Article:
“I just thought you were some type of special case,” Randall said years later. “Your daddy was around and caring [about your educational needs]… if any of us had to go it would be you.”

Randall went to inner-city schools. He joined a gang, so he’d feel safe. He dropped out of high school and earned a GED. After three stints in jail, he was sent to prison. “I’ve always been just as smart as you, but . . . outside the understanding of what’s normally accepted as ‘smart’ or ‘intelligent,’” he told his “homie.”

Myers earned a film studies degree from the University of California in San Diego.

American Promise

American Promise follows two black boys from kindergarten at an elite private school to their high school graduation. Both Brooklyn boys struggle academically at the Dalton School in Manhattan. One transfers to public school after 8th grade. The filmmakers’ son, Idris, sticks it out at Dalton, but is disappointed when he applies to college. (Mom is unsympathetic. Dad tells him he’s lazy.)

The documentary is “perfectly watchable,” “increasingly exasperating” and “intellectually murky,” concludes a New York Times review.

Cyber-bullies charged with stalking

Two Florida girls, ages 12 and 14, have been charged with aggravated stalking, a felony, for cyber-bullying a classmate.
Rebecca Sedwick
Rebecca Sedwick, 12, committed suicide in September.

“Witnesses said that the girls sent messages to Rebecca, calling her ugly, telling her to drink bleach and die, and saying Rebecca should kill herself,” reports the Orlando Sentinel.

The “tipping point,” Sheriff Grady Judd said, was when the 14-year-old wrote on a social media site,  ”Yes ik [I know] I bullied Rebecca nd she killed her self but IDGAF [I don't give a fuck] ?”

The girl’s parents deny she sent the message, claiming her Facebook site was hacked.

The girls “repeatedly and maliciously” harassed Rebecca while all three attended Crystal Lake Middle School in Lakeland, investigators said.

“Several students corroborated stories of both girls bullying Sedwick on different occasions, through name-calling, intimidation, threats to beat her up, and at least one actual physical fight,” a Sheriff’s Office report said.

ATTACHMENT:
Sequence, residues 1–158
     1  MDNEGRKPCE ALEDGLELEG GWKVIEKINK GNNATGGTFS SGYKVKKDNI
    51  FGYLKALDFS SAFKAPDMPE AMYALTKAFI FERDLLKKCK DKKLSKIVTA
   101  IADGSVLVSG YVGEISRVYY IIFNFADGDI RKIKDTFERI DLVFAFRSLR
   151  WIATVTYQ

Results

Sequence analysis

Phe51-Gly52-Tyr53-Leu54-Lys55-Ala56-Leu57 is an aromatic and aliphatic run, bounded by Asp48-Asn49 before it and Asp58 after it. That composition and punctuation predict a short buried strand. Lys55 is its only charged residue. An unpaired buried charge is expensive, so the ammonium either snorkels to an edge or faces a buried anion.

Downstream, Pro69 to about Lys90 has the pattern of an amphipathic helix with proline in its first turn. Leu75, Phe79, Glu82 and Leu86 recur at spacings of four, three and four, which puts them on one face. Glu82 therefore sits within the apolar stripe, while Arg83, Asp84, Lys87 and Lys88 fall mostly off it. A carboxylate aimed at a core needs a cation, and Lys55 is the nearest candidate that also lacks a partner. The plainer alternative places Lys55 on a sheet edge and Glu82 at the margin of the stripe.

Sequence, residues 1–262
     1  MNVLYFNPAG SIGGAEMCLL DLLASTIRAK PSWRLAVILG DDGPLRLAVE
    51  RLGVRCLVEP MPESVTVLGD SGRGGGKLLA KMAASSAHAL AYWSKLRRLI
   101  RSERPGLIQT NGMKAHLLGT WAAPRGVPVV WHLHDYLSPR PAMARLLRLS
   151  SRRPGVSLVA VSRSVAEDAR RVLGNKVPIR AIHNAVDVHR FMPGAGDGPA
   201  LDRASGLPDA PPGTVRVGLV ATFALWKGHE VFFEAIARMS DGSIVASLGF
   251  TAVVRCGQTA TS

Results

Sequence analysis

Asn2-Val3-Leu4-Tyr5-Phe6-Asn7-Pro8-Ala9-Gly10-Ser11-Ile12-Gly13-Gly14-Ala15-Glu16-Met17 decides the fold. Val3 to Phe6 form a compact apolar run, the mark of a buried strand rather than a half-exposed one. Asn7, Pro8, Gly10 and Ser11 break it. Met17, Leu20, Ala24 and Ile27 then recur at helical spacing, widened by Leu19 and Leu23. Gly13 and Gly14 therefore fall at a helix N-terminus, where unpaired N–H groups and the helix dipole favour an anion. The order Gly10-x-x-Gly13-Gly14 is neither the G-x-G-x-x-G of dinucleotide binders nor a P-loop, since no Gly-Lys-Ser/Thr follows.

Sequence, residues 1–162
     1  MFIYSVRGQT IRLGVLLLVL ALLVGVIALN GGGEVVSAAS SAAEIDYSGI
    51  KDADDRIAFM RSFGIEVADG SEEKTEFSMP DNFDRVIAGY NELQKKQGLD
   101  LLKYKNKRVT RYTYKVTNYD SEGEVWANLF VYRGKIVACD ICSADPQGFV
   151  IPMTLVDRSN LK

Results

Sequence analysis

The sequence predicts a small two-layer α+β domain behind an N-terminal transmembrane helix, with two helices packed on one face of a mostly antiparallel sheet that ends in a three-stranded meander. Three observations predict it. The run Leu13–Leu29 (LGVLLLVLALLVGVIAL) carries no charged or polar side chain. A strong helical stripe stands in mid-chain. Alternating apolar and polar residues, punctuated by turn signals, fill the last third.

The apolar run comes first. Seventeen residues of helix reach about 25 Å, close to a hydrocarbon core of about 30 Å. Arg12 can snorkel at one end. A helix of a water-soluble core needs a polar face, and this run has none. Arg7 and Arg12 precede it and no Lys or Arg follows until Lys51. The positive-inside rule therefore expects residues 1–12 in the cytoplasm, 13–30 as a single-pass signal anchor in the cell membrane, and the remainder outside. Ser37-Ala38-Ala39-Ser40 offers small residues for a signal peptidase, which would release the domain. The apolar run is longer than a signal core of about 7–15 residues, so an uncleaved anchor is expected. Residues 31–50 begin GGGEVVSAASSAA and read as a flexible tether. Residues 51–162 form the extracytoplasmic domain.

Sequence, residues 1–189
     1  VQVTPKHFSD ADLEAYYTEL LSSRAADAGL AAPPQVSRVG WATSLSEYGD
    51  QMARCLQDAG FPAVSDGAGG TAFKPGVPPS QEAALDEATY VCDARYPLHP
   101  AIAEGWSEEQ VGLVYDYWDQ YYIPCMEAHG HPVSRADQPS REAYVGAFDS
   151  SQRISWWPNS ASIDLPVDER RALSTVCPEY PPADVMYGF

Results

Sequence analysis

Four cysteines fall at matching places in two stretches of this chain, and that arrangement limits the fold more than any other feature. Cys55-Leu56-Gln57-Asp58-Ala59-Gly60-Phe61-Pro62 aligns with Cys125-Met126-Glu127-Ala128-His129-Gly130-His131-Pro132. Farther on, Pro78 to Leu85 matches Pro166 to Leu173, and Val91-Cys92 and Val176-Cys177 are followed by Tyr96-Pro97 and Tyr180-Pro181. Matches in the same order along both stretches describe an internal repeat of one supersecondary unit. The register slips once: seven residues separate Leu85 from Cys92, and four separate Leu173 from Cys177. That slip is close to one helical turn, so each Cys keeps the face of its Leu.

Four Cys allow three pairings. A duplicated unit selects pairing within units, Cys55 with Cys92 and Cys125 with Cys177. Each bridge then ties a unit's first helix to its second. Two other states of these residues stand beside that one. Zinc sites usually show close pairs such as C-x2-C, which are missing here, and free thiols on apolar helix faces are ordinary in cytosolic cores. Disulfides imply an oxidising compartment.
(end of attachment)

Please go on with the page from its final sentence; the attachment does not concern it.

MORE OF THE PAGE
Judd said neither family cooperated with investigators, so the girls were placed under arrest Monday and charged with the third-degree felony. The 12-year-old was released to her parents because she demonstrated remorse to the judge, but she can’t go back to school.

The 14-year-old is in the custody of the Department of Juvenile Justice until her next hearing.

Slate’s Emily Bazelon is the author of Sticks and Stones, wonders “why are we blaming two young teenagers instead of holding the adults around them—their parents!—responsible?”

Bazelon asked readers why kids write cruel taunts online like “Can u die please?” Caitlin Armtrong, the counselor at Unaka Elementary School in Elizabethton, Tenn., asked the question to 7th graders. Six of 22 said they’d been told they should die or kill themselves. They wrote:

“Its about popularity.  Sometimes, I think people do mean it.  They think it will make you feel like a loser if they tell you that you shouldn’t be alive…and it does.”

“People . . .  don’t know that most kids don’t let these things just roll off. They just aren’t thinking.”

“Kids are mean. It is a simple fact. I’ve been mean.  . . . No one is listening to us, they think we want attention. We don’t. Nobody cares, so it keeps happening.”

“Kids say to go kill yourself because they don’t really know you. And if they don’t know you, they really just don’t care what happens to you.”

“Some kids are just full of hate.”

“It makes them look cool. It is the meanest thing you can say, so they say it. The meaner you are, the cooler you look.”

“Honest conversations with kids” is “the first step to make suicide baiting online unacceptable,” writes Bazelon.

Bullies are narcissists with contempt for their victims, writes Paul Coughlin.

Anti-birth propaganda in school